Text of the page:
U.K. manufacturing and trade data added to worries and fears persisting in market that the pace of growth is slowing in the second quarter and may continue slowing.
Today’s reports showed that U.K. manufacturing production fell 0.4% in June compared with the prior 1.8% expansion.
Details showed that the drop was led by the fall in transport equipment and paper, printing and publishing. Manufacturing gauge which composed of 13 categories showed a decline in eight and surge in five, according to the statistics office.
Industrial production for the same month retreated to 0.0% from the revised 0.8% recorded in May.
On the year, manufacturing retreated to 2.1% from 2.8% while industrial gauge dipped 0.3% from the revised -0.9%.
It is reasonable to say that the U.K. tracked the slowdown in major global economies which stemmed from the repercussions of the 2008 financial crisis, prompting policy makers to keep loose monetary policy to reinvigorate the weak recovery.
The British economy grew 0.2% in the second quarter compared with the 0.5% expansion recorded in the first quarter.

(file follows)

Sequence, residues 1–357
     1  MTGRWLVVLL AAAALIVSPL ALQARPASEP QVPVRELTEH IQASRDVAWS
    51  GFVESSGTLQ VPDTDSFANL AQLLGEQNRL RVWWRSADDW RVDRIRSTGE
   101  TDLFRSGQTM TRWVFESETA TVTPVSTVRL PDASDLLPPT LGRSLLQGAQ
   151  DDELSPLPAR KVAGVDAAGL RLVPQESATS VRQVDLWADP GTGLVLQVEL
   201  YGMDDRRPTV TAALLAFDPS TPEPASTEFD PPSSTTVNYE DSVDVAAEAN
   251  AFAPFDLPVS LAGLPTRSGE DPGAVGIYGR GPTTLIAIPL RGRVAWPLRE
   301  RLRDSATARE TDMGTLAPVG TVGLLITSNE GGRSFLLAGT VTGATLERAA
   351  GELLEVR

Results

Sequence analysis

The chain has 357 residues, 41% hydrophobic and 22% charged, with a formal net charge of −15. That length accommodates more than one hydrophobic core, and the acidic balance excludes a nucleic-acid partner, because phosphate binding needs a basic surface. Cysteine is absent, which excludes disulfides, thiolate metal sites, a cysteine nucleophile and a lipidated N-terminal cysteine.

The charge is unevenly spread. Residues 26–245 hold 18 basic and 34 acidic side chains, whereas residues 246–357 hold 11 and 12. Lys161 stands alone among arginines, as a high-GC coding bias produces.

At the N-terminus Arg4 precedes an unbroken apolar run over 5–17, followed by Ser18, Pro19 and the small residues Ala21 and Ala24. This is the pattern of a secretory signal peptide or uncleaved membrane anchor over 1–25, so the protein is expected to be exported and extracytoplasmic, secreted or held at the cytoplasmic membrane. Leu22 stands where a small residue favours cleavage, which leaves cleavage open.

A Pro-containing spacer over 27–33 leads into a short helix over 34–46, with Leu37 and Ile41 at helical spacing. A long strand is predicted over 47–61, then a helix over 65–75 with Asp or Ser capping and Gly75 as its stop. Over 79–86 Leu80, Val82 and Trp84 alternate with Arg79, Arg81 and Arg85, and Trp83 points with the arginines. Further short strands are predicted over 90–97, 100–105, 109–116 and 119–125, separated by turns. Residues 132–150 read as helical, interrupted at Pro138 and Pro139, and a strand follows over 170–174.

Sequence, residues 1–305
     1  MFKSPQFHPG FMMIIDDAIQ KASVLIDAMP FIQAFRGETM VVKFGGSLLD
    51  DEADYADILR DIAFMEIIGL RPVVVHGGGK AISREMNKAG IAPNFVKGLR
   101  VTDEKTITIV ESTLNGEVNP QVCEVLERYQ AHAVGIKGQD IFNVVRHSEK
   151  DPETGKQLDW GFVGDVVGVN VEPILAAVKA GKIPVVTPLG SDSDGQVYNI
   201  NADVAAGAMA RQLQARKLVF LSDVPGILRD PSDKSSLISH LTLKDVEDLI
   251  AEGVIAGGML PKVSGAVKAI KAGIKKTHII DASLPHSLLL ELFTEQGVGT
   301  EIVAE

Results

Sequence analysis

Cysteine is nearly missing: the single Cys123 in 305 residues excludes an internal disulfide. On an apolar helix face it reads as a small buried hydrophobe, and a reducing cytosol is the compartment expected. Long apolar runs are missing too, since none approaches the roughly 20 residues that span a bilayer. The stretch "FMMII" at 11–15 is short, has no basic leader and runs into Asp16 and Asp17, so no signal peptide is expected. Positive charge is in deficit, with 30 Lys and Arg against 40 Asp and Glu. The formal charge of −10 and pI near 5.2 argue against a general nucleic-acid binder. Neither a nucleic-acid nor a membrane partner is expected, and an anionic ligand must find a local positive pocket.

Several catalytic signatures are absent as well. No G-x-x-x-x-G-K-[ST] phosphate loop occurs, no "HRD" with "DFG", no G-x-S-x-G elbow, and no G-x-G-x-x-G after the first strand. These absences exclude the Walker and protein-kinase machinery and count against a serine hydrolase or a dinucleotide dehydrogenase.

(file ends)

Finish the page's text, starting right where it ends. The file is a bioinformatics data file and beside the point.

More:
U.K. manufacturing sector contracted to 49.1 in July relative to the revised 51.4, adding to worries the sluggish pace would continue in the third quarter.
The Confederation of British Industry (CBI) lowered 2011 growth forecasts for the British economy to 1.3% expansion compared with the 1.7% growth estimated in May.
The latest growth and inflation forecasts will be published tomorrow in the quarterly inflation report.
The economy was affected by the decline in exports, especially to euro area nations, the U.K.’s largest trading partner, which were negatively affected by the escalating debt woes.
Visible trade deficit widened to 8873 million pounds in June from the revised deficit of 8467 million pounds as exports slipped 4.8% from the previous month while imports plummeted 2.4%.
The BoE opted to leave both interest rate and APF quantity unchanged in August at 0.50% and 200 billion pounds, to boost the sluggish growth pace.
With the slowdown in the British economy and other major economies, it seems that boosting the APF may be closer than raising interest rate.